Midway into the third, a round in which Holyfield was already winning, Rahman found himself typically off-balance after missing with a big bomb. As a bent-over Rahman started to stand upright, the back of his head ran into a big Holyfield right. A rattled Rahman grabbed on for dear life. Since he was bent forward, he ended up grabbing one of Holyfield's legs, and the ensuing bear hug briefly lifted Holyfield off the mat. Sensing that Rahman was hurt, Holyfield jumped on Rahman after the ref forced a clean break. Coming at Rahman, Holyfield landed a perfect left to the body before following with a long right hand to the head. The punches further shook Rahman, who now began backing up into a neutral corner. You should never retreat against Holyfield unless you're setting a trap. Rahman wasn't. As Holyfield charged forward, throwing punches all the way, Rahman tried to cover up and weather the storm. A big Holyfield right hand wove through Rahman's guard, snapping Rahman's head back and drawing huge cheers from the crowd. After another half-dozen punches, only a few of which landed, Holyfield needed a breather. He backed towards center ring. Rahman came out of his corner, but was too gun-shy to attack. While Holyfield caught his breath, Rahman simply stood there and watched. The result was a huge round for Evander Holyfield.

The fighters had maintained an intense pace through three rounds, and it wasn't surprising when the pace slowed in the fourth. Both men jabbed ineffectively for a minute before a Rahman right cross (his only real weapon) caught Holyfield on the face. Evander backed up a few steps towards the ropes. There, he blocked a few more Rahman attempts before another sizzling right hand found it's way through Holyfield's cross-arm defense. With Holyfield taking a break on the ropes, the blow looked eerily like the punch that knocked out Lennox Lewis. Indeed, it landed loud and flush as sweat flew from Holyfield's shaved head. Unlike Lewis, however, Holyfield did not fold up.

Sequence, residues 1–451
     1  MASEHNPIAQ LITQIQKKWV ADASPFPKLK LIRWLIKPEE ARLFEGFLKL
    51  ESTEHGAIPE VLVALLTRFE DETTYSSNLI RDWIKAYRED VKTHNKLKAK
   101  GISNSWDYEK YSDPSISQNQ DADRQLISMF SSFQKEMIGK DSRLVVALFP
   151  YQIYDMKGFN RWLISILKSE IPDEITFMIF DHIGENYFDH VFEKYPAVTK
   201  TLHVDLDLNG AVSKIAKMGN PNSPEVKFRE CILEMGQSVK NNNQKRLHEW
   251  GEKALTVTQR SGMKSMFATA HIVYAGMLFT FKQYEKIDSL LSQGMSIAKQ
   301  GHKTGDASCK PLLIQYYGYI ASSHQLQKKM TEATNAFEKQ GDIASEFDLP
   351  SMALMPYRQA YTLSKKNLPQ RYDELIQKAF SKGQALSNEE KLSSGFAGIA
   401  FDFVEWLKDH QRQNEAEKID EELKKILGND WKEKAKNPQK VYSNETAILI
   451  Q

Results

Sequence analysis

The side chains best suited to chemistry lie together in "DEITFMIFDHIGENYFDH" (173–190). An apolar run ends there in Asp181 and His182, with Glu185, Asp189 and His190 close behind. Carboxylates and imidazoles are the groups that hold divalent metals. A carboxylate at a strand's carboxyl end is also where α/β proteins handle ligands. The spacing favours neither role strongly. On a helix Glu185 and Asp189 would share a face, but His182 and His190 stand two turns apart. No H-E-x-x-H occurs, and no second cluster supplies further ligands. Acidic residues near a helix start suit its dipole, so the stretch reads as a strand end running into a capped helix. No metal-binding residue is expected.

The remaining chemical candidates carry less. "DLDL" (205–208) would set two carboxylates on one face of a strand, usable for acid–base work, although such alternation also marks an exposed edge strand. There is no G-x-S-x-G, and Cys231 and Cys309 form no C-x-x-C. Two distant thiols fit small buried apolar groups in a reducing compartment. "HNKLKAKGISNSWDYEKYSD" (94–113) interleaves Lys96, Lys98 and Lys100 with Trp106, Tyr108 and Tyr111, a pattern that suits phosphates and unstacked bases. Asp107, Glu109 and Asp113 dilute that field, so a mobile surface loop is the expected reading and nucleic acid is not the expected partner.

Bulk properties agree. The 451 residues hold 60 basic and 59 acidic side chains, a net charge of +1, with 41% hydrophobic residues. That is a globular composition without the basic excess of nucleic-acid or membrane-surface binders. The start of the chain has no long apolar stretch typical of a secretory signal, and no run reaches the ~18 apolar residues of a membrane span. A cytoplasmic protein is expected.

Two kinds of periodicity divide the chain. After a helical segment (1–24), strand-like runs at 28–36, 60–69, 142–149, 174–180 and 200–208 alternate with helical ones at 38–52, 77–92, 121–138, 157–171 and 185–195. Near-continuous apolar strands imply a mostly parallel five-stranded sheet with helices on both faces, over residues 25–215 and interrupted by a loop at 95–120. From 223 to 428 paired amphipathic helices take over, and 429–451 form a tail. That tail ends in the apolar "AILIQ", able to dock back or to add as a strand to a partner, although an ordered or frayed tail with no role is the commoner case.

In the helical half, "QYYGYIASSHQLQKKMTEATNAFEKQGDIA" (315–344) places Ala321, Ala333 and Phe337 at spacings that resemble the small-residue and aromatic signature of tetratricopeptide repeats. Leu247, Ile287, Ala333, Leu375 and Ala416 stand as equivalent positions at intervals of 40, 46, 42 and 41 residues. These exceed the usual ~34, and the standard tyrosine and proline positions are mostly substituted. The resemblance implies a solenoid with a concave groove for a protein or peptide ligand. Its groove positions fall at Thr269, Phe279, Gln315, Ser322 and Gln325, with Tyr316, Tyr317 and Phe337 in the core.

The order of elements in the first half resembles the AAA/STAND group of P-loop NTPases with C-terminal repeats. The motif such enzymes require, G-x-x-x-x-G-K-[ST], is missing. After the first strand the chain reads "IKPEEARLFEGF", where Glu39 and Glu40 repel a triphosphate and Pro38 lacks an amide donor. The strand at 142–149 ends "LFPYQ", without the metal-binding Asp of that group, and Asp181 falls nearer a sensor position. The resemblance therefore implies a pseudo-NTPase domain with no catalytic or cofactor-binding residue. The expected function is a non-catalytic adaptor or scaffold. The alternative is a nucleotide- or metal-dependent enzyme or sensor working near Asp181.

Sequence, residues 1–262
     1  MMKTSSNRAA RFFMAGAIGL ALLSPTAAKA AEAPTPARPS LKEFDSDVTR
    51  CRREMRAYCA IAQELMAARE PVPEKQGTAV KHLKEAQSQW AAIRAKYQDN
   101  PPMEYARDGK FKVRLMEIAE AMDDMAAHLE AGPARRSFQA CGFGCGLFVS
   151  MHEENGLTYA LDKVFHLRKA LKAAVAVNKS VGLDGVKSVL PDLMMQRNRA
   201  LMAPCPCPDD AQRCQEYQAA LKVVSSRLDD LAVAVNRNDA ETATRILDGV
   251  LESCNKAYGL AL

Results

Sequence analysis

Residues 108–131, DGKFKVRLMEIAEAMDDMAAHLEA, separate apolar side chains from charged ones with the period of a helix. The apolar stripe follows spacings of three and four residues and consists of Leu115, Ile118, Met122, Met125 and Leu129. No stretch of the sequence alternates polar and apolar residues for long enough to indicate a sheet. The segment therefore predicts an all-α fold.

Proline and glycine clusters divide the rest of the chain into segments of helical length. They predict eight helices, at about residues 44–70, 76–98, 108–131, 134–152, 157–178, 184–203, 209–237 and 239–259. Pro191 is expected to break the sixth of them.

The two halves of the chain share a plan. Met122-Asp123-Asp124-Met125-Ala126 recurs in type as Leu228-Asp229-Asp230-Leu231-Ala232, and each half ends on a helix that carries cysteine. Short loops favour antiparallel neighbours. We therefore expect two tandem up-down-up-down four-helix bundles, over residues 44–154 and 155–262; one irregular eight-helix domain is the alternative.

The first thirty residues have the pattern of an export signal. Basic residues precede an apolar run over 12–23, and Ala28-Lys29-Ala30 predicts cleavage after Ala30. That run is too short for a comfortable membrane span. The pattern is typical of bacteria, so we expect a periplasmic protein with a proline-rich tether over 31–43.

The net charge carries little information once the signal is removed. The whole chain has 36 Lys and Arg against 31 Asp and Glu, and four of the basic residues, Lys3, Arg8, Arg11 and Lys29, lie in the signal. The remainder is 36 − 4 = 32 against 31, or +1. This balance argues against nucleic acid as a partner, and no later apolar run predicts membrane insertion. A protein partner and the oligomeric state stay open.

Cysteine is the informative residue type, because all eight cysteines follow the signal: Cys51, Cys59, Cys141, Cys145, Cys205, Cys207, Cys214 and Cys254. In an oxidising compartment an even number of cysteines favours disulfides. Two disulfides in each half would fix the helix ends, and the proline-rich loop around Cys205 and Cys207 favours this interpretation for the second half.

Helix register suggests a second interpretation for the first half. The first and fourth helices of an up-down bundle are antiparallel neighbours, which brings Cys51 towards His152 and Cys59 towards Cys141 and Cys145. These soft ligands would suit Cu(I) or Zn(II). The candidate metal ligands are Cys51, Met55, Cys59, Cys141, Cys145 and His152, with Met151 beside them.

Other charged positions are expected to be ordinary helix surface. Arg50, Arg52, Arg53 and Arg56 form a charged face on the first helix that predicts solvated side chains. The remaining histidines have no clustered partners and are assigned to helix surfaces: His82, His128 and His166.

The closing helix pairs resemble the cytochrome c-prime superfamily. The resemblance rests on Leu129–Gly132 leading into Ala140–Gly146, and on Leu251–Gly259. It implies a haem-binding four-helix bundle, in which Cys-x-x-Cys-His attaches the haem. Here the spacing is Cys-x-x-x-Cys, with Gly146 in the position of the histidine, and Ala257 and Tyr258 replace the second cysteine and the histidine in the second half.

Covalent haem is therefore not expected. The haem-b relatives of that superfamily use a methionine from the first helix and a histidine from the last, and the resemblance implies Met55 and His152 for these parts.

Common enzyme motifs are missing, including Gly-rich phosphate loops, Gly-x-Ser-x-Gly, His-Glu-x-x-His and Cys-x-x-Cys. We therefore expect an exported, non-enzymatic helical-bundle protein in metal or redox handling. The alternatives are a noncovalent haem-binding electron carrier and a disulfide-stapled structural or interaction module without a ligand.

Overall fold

In fact, Holyfield immediately fought back. Still on the ropes, Holyfield took two more rights before countering with a right uppercut that landed clean and allowed him to shuffle away from the ropes. Holyfield now hooked off the jab, and then buried his right hand into Rahman's side. Holyfield's answers had discouraged Rahman from attempting a finish, and the fight returned to a slower pace. For the final minute of the round, Rahman tried (and failed) to get in a hard head shot to Holyfield while Holyfield focused almost exclusively on body shots to close out the stanza. Rahman's big right hand was enough to give him this very close round... but Holyfield's bodywork looked like it would pay bigger dividends down the road.

Between rounds, the experience gap between the two fighters was immense. While Holyfield would return to his corner and calmly absorb advice and fluids, Rahman usually sat in his corner wide-eyed and nervous, a cornerman trying to calm him about Holyfield's alleged headbutting, or a small cut that had briefly appeared on Rahman's forehead. Rahman came out for round five in a malaise. As he has in past bouts, his face (if not fighting style) seemed to say, "I'd rather be fishing." Holyfield controlled another slower round for over two full minutes before Rahman finally woke up and remembered to land his right hand. The punch was Rahman's best of the night: a well-timed counter that sailed over Holyfield's jab. The blow landed hard, and while the granite-chinned Holyfield wasn't wobbled, he did briefly stop punching. As the round ticked out, Rahman finally followed up with a second jarring right hand... but Holyfield answered this final blow with two rights of his own. Rahman's haymaker, the defining blow of the round, stole the round from Holyfield. It would be the last Rahman would win.